Thursday, August 11, 2005

Zimbabwe: it just ain't cricket

I was worried about the Black Caps tour of Zimbabwe on the grounds that it might give the false impression that New Zealand considers Mugabe's regime to be legitimate. After all, the New Zealand cricket team is no ordinary private organization, but one which purports to represent our country. So I think that the government would have been justified in stepping in to prevent it, as Jordan Carter said: "New Zealand's name and international involvement is a political issue, not a private issue."

Given these grounds, I was surprised to read the Green Frog's reaction to the following editorial in a Zimbabwe newspaper:
The New Zealand cricket team is in town, its leadership having chosen to put the value of sport ahead of petty political considerations, and we welcome the Black Caps to our lovely country… We salute the team leadership’s brave stance to go ahead with the tour despite reservations from their political leaders who are clearly obsessed with the isolation of this country.

Frog is worried that they're using "the Black Caps’ arrival to propagandise about the loveliness of Zimbabwe." But it isn't clear that this is a legitimate concern. As far as the political issue goes, the editorial actually makes it very clear that New Zealand thinks very lowly of the political situation in Zimbabwe. So we've successfully avoided giving the impression that we endorse Mugabe. And since that was the only legitimate political issue here (wasn't it?), it seems that the Greens should be pleased rather than "shame[d]" by how things turned out. (I suggested as much to Frog, but got no reply.)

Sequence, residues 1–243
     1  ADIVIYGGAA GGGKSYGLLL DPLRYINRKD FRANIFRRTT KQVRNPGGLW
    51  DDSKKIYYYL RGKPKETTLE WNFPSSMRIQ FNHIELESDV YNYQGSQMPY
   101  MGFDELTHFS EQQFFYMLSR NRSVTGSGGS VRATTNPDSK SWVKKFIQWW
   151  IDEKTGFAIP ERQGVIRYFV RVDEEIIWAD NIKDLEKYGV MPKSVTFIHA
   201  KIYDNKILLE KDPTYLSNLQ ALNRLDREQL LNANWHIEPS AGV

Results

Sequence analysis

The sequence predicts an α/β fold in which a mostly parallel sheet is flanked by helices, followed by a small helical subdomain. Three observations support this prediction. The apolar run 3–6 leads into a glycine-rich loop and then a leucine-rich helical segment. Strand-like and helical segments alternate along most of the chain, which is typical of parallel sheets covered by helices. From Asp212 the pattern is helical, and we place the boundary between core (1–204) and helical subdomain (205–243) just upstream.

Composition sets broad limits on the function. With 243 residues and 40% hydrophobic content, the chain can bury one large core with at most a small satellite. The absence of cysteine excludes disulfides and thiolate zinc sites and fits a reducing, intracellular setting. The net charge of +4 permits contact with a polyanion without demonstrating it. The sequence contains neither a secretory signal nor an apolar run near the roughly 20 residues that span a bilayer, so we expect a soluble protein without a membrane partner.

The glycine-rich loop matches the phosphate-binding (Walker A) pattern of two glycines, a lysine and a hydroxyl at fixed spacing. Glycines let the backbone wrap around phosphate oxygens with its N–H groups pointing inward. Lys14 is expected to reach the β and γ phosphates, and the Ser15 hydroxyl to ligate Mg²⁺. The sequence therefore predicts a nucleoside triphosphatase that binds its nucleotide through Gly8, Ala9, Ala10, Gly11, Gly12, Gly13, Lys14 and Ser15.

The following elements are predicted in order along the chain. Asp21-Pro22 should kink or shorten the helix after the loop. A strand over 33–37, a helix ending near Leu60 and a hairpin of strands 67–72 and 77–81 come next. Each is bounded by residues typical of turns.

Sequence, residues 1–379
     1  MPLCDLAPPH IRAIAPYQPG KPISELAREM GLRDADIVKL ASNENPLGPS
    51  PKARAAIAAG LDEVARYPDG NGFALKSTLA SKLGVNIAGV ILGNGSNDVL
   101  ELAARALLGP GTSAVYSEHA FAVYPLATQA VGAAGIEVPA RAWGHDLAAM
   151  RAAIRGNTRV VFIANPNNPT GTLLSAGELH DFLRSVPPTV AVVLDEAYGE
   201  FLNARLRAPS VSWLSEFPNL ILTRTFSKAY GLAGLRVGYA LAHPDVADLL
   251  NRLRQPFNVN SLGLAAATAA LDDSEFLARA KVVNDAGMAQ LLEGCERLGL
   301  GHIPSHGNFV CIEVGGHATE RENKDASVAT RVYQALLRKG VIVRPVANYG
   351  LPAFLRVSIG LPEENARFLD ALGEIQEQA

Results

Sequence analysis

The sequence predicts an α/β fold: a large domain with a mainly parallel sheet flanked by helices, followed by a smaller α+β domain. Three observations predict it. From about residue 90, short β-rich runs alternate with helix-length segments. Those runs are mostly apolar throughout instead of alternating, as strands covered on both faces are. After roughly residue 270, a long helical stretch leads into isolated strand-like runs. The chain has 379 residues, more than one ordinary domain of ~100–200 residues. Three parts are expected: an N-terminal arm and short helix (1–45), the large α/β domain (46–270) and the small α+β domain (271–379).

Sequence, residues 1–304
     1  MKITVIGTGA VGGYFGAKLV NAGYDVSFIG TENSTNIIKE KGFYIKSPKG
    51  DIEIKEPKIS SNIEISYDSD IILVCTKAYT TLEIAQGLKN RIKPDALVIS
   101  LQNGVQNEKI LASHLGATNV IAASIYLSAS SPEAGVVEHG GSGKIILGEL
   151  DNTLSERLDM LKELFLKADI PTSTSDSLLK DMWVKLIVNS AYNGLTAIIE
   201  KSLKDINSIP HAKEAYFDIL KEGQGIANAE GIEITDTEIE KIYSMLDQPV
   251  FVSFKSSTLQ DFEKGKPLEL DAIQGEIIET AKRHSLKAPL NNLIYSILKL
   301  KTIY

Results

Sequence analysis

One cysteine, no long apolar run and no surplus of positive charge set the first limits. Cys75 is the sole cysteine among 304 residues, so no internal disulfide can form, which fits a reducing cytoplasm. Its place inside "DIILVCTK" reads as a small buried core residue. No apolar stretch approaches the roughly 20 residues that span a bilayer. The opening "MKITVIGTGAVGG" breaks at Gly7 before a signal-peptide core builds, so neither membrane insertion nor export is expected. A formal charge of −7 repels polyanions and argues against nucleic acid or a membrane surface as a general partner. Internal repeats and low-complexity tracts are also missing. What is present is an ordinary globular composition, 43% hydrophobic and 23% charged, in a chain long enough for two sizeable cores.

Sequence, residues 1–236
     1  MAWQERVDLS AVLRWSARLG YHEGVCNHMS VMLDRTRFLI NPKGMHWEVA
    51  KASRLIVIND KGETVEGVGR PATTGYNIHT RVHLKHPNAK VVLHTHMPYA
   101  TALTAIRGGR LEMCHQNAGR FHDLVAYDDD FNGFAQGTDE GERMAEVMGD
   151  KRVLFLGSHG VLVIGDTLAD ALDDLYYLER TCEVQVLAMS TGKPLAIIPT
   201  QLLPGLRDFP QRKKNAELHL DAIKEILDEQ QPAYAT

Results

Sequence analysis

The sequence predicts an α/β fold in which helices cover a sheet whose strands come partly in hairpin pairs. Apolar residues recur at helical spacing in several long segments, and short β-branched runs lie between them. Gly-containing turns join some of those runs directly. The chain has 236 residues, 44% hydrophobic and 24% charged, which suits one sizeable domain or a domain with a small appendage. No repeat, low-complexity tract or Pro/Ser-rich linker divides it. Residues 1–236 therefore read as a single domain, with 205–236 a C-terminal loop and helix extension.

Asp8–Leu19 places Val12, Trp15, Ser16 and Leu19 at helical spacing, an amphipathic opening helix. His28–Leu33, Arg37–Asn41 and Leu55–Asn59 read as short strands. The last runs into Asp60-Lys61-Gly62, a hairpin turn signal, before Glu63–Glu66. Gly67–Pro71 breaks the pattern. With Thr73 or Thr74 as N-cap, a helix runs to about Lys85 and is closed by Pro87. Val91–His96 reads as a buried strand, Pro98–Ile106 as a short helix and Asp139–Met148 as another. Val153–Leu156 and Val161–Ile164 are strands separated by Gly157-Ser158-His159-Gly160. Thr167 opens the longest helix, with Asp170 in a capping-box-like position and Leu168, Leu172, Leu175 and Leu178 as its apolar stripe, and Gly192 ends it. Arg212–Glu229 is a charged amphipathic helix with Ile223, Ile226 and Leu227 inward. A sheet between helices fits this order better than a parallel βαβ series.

Further, as Ghet points out, the test result is all the better:
On the second day we bowled Zimbabwe out twice in rapid succession, winning by more than three hundred runs. It was a crushing, humiliating defeat which seriously calls into question just WHY Zimbabwe has test-playing status, and whether that's more to do with their vote on the ICC than their ability to play cricket... [The Black Caps] have delivered a palpable blow to Mugabe through the game he loves... No, it's not going to change anything in Zimbabwe. But we never had that option.

So I think even opponents of the tour should be reasonably content with how it's unfolding. The situation is a messy one, and far from perfect. But it's probably about as good as we could reasonably hope for.


  1. I was always skeptical of the "Mugabe will win a propaganda victory" argument. Firstly, as the editorial suggests Mugabe really can't control the message the tour gives that well. Secondly, I'm sure the people of Zimbabwe are intelligent enough to see thru Mugabe’s machinations.

  2. It might or might not turn out ok but the question is did we make the decision based on the right principles and information?

    if some other random leader, lets say Brazil, confiscates all the black people's land and buldozers the homes of half the white people will we react in the same way?


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